One of the biggest lessons I learned (and am still working on) is to take responsibility for every piece of trash that comes into my life. I think it’s important to do so on this journey to zero waste. I have learned so much about myself on this path to simplifying my life and producing less waste. There are four “deeper” ways in which I can live this lifestyle:
- Refusing single-use straws at restaurants. I will need to start asking for beverages without straws as soon as the server comes to the table. Sometimes it’s common practice to give tables straws with their drinks.
- Making my own taco seasoning! I purchase the packets of taco seasoning that often have a waxy coating on the inside, making them non-recyclable.
- Make my own bread. I usually buy bread from the store in the plastic wrap, and I think baking my own bread every week would save me money and I will use less plastic!
- Filling up growlers instead of buying beer in single bottles. This is a waste-free way to drink that will reduce my glass waste and save me money!
Experience from Day 3: Zero Waste – Greener Challenge
For Day 3 of Project Green Challenge, I carried all of my trash that I produced yesterday in a mason jar. I collected dry trash in one mason, and food scraps in another. After separating all of my trash, I found that most of trash is compostable food scraps, which I will feed to my composting worms at the end of today! My non-recyclable, non-compostable trash consisted of tin foil that I used to roast veggies, a taco seasoning packet, plastic packaging on an olive oil bottle, and a plastic bagel bag. I will be reusing my bagel bag to wrap sandwiches, fruit and vegetables, and leftovers in my fridge! As I traveled around with my waste jar yesterday, I got a lot of positive comments from people I talked to. A cashier at a store I went to said, “Physically holding my trash throughout my day will probably make me think much more about the trash I produce every day.” A fellow classmate asked, “Do you think you’ll fill the whole jar today?” The TA for my geography class said, “I probably make six of those mason jars full every day, sometimes more,” to which I wholeheartedly suggested he carry his trash around for 24 hours to see just how much he produces.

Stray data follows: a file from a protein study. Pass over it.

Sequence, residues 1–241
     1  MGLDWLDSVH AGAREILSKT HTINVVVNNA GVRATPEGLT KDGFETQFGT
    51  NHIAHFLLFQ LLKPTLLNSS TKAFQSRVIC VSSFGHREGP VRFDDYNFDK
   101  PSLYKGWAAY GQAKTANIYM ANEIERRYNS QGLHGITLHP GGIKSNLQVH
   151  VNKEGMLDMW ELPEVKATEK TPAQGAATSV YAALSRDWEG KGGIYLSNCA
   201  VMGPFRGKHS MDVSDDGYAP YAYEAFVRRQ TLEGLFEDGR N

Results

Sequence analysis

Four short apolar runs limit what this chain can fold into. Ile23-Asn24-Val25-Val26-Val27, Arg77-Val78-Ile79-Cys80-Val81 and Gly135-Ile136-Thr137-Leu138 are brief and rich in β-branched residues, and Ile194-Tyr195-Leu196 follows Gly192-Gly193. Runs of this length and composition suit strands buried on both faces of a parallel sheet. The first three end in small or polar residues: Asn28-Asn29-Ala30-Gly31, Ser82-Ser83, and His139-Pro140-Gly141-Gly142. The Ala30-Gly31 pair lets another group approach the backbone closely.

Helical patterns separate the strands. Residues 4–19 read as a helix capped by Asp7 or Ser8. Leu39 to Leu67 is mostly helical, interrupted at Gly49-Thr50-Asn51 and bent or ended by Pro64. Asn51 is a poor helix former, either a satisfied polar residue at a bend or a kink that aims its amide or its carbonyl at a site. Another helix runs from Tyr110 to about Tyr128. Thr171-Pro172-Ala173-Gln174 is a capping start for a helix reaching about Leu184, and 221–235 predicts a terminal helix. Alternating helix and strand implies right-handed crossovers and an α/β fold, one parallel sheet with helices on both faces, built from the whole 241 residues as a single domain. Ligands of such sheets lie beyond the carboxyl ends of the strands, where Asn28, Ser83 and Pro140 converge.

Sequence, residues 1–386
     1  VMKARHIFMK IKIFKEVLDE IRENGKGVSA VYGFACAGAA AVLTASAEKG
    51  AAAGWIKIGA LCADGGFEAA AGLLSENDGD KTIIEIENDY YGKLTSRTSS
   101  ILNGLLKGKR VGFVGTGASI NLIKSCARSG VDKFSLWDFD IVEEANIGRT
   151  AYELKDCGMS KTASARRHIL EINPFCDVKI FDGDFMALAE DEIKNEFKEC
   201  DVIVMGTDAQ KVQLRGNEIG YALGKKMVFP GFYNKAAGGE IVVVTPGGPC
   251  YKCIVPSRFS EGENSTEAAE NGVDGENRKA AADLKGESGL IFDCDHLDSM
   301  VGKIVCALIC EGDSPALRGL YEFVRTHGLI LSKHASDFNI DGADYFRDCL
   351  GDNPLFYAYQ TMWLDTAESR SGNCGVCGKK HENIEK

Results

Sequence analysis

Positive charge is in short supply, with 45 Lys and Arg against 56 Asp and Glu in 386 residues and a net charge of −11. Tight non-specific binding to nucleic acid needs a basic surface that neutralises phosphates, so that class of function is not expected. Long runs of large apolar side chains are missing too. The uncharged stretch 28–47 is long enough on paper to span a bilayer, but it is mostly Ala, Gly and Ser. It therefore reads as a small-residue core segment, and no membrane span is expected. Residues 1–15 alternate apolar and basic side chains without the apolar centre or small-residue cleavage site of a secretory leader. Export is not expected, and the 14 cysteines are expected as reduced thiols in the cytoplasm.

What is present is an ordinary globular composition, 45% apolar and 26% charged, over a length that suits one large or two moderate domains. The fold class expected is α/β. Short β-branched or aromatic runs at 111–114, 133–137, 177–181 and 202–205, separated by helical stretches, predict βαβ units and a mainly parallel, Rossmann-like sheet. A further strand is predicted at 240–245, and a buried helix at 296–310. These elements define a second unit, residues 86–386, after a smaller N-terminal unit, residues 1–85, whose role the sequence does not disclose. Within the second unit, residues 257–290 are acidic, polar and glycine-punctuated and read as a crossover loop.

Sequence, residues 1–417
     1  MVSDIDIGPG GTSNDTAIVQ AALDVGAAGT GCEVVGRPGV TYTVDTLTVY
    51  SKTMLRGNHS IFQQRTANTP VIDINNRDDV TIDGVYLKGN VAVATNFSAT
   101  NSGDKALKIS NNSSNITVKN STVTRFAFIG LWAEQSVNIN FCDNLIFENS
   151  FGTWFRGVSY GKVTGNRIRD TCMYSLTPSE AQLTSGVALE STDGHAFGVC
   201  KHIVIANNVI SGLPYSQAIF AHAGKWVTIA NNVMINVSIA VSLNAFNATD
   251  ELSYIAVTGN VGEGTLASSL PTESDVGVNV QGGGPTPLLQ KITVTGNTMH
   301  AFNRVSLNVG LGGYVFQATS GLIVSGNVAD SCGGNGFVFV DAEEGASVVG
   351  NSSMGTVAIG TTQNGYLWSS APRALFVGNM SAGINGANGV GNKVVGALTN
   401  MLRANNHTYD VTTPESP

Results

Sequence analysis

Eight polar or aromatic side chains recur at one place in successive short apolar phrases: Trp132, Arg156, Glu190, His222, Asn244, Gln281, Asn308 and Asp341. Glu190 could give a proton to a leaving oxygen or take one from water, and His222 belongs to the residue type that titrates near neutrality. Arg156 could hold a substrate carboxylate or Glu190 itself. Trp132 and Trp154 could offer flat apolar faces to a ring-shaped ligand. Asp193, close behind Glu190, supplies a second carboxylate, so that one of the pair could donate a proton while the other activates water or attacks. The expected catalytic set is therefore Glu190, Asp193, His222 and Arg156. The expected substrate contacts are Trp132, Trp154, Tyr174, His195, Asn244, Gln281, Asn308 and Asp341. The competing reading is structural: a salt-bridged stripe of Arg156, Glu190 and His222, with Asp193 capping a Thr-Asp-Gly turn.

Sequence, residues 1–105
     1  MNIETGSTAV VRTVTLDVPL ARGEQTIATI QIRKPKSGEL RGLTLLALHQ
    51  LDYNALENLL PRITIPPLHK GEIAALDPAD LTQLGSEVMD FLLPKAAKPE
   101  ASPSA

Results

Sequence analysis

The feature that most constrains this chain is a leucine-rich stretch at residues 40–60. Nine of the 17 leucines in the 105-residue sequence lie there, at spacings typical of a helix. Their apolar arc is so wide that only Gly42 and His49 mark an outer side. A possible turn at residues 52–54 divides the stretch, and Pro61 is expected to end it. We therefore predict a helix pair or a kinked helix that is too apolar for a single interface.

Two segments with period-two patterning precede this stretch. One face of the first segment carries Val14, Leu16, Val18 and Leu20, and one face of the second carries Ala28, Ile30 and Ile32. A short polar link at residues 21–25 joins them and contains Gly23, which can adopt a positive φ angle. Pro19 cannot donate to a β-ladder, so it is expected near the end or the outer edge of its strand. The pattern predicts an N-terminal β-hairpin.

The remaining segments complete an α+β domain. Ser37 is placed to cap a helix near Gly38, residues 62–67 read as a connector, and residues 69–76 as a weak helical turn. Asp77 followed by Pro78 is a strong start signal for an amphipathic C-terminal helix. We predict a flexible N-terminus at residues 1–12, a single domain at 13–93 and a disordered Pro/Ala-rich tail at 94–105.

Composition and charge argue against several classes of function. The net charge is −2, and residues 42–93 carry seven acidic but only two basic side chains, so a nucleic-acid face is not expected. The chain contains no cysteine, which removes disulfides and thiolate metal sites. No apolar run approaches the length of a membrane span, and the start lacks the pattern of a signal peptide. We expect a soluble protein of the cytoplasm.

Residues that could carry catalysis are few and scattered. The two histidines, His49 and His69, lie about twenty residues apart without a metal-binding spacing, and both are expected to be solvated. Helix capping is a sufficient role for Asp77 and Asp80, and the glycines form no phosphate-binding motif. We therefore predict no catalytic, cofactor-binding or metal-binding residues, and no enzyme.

Doing this challenge made me realize that there are still several small things that I need to start making myself or stop using. I’m going to start making my own taco seasoning. I usually buy the packets of seasoning, but they are non-recyclable and non-compostable because of the waxy coating on the inside! It’s all too easy to make a giant jar of taco seasoning instead of buying small packets at a time. I am also going to try to start buying bagels in a bag that I can bring myself. My roommates and I eat a lot of bagels, but we far too often have excess plastic bagel bags to reuse. I am also going to start categorizing my trash every week to see exactly what I am producing and try to think of ways I can avoid producing waste!
I am not sponsored by any of the linked affiliates, they are purely for educational use